Rich Man Poor Man in the Time of Pandemic

Yacht styles of the rich and famous

Yacht styles of the rich and famous

Looking across the lake at the orchards and vineyards on a sunny spring day in the South Okanagan it’s easy to momentarily brush away the fears of a global pandemic. Not the worst place to be locked down.

With the infection rate and death toll rising at a fearsome pace and the economy tanking in the virus’s toxic wake it is a moment for quiet contemplation. One thought that comes to an idle mind is that the global pandemic presents the ‘haves’ of the world an opportunity to step up or to be held to account.

Last year we were in Fort Lauderdale at spring break walking the boardwalks and, from the safe vantage point of age, enjoying the scantily clad revelries of the young and carefree. Good times. Great vibe.

During a canal tour showcasing a stunning array of waterfront mansions with massive yachts docked in front, thoughts of something amiss dulled the holiday glow of the Florida sun. As the guide noted the palatial pile of this or that captain of industry, I couldn’t stop wondering about all the employees toiling away at barely liveable wages to keep the titans living so large.

How many workers annual salaries would it take for the upkeep of a boat that burns hundreds of gallons of fuel an hour. How many minimum wage hours to pay the taxes on a second, third or even fourth home? How much more could the workers make if the captain of industry gave up the boat and the holiday house in Fort Lauderdale and put that money back into the workers’ kitty?

The ostentatious consumerism on display during the Fort Lauderdale canal cruise is nothing short of obscene in a country with millions of kids reliant on school lunches for their daily nutrition. It is said revolutions begin with the rising price of bread or rice. Maybe in today’s world of conspicuous consumption a global pandemic will affect change.

Governments in all countries considering industry bailouts should make it a condition that the CEOs and other executives take massive salary cuts. If the head of a cruise company, airline, hotel chain or casino is making 50 million a year cut it down to one. They might have to sell a home or two, but they’ll get by. Call it the cost of corporate socialism and put the savings into the pool for the workers worried about keeping food on the table.

It is time for the super wealthy athletes and owners to do more than kick in a few bucks for laid off stadium employees. Tom Brady is reportedly ready to sign a $30 million a year deal. After 20 years in the NFL he is already fabulously wealthy. His super model wife makes more than he does. If Brady was a real hero, he would throw the whole $30 million into the communal pot to help mitigate some of the damage his friend the President has done to the country.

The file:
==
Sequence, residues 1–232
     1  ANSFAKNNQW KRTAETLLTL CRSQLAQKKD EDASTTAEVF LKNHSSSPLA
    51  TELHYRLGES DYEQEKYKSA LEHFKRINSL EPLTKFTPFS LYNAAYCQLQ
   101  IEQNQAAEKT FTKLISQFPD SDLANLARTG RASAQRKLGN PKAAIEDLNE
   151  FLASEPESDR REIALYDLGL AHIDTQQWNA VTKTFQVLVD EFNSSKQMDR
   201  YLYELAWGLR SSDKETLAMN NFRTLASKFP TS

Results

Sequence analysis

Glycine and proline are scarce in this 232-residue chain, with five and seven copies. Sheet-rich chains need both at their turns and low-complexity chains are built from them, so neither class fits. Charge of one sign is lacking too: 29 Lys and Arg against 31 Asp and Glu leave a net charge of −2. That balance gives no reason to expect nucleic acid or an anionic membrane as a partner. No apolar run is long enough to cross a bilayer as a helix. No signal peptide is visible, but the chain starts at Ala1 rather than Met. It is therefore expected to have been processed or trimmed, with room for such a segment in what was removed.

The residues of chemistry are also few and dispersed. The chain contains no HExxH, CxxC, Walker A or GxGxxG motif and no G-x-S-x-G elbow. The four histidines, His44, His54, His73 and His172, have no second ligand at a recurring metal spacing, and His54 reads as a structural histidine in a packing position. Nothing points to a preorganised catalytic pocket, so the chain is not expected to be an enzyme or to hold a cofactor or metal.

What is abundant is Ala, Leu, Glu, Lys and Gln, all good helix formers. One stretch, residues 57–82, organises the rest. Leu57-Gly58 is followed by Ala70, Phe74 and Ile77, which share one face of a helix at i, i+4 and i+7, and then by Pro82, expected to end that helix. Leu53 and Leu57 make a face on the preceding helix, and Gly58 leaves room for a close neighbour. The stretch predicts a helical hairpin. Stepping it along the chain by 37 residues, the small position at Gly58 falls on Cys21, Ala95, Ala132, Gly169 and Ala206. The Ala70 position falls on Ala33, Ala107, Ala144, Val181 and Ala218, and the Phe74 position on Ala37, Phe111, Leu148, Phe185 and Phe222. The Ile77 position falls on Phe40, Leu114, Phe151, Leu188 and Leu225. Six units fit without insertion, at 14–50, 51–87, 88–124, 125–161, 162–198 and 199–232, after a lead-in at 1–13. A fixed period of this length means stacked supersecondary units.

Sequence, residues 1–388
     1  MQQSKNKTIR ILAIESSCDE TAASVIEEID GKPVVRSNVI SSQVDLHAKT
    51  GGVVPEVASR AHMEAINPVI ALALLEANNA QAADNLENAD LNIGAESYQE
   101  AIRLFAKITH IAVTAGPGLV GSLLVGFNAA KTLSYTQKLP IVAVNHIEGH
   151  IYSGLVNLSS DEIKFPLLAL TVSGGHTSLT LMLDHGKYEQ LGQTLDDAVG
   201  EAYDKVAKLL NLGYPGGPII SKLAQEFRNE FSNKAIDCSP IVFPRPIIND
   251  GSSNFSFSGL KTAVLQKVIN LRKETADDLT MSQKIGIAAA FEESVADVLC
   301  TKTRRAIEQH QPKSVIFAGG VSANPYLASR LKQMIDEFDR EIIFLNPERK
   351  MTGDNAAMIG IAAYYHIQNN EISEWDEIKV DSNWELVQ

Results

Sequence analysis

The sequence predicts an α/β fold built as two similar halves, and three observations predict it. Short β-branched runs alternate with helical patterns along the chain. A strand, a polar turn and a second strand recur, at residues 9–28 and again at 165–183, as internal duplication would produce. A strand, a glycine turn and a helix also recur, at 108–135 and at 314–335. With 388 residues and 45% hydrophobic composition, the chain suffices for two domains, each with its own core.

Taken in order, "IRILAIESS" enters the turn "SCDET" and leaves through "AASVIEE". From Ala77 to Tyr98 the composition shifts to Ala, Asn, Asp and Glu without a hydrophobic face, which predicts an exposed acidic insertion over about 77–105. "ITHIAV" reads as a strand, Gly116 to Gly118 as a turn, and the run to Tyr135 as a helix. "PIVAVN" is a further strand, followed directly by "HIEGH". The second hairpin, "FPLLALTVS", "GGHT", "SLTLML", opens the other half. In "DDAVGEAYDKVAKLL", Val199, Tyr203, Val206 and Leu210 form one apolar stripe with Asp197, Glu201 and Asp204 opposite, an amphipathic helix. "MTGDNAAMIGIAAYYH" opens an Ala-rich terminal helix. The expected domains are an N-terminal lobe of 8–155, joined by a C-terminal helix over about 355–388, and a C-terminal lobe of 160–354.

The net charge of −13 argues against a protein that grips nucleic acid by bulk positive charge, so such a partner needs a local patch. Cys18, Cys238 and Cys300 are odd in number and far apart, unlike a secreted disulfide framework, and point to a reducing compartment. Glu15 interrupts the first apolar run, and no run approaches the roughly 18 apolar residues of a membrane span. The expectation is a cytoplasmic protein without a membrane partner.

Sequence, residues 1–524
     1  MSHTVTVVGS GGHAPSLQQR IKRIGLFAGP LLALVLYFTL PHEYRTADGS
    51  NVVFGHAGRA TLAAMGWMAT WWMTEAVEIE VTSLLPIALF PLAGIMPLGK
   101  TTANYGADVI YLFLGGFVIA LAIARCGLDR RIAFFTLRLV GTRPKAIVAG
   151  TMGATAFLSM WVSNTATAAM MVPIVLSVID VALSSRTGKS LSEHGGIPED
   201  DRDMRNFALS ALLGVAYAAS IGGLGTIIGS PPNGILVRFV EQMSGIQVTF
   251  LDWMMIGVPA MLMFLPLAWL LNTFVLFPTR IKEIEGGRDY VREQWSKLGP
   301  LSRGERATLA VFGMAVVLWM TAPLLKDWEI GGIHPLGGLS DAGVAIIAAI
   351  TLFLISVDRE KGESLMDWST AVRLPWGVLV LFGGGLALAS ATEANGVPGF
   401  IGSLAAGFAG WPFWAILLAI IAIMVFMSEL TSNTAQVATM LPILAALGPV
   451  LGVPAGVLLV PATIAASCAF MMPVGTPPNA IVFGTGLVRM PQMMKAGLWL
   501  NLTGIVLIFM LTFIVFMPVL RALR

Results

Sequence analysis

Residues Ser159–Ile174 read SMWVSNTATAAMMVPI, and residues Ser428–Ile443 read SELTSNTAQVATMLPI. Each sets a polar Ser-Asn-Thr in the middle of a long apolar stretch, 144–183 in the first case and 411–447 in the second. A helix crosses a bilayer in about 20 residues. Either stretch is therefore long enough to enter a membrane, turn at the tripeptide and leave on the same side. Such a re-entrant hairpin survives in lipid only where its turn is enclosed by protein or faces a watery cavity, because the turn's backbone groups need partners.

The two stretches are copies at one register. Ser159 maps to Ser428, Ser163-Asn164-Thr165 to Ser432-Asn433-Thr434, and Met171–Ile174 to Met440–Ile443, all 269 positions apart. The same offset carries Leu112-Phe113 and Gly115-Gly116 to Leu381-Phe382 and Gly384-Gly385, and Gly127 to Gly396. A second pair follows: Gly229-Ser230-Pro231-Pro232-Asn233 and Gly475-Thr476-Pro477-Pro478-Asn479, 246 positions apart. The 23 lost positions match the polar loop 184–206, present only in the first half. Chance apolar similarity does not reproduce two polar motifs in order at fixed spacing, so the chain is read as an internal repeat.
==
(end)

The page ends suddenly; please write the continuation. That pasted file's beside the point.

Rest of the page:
Defenders of Brady and other overpaid athletes like Lebron James, Tiger Woods et al, will point to the many charitable endeavors they champion. True and good, but what personal sacrifice does it require of somebody like Woods or James to give a few million here or there as a tax write-off. Give enough so you can only afford the Bentley and one palatial home and I’ll be impressed.

The same holds true for Hollywood A-listers, rock stars and business titans. I’m talking about you Michael Douglas, Bono and the Walton family. Give back enough that it hurts a little. Donate the private plane to the pandemic effort and fly first class instead. Give the Rolls, the Range Rover and the Porsche Cayenne to a food bank and buy yourself a used Lincoln to keep the economy going. Sell the New York apartment and the place in Aspen and put all the money into pandemic relief.

Even ‘poor’ politicians like Bernie Sanders have two or even three homes. Bernie keeps a place in Washington in addition to his regular residence in Vermont and a summer place better than what most Americans live in. Senator Richard Burr, whose name shall go down in infamy for profiting while his constituents face financial ruin, is said to be a politician of modest means. Even so, he was able to offload up to $1.7 million in stock before the market collapsed, which should help in his coming retirement with a fully indexed government pension.

The Senate and House are filled with millionaires and the Trump cabinet with billionaires. Ousted politicians use their connections for cushy jobs in the private sector at ten times the salary of the average worker. Former Presidents parlay their fame into tens of millions on the speaking circuit while taxpayers making minimum wage foot the bill for their security. Yes, I’m talking about Liberal icons like Bill Clinton and Barack Obama, who just augmented his Washington D.C. manse with a million-dollar-plus summer home on Cape Cod. Nice place to self-isolate between cruises on even richer friends’ yachts. It’s a long way from working with Chicago’s poor to the Cape.

To be clear, I’m not a raving communist begrudging those better off than me for enjoying the fruits of their labour or unique abilities. Smart, talented, hardworking people are entitled to live well. It’s the capitalist way most of us believe in. How well? That is the question in these low times of the pandemic. And how much should they give back for the common good with millions of their fellow citizens worrying about feeding their families.


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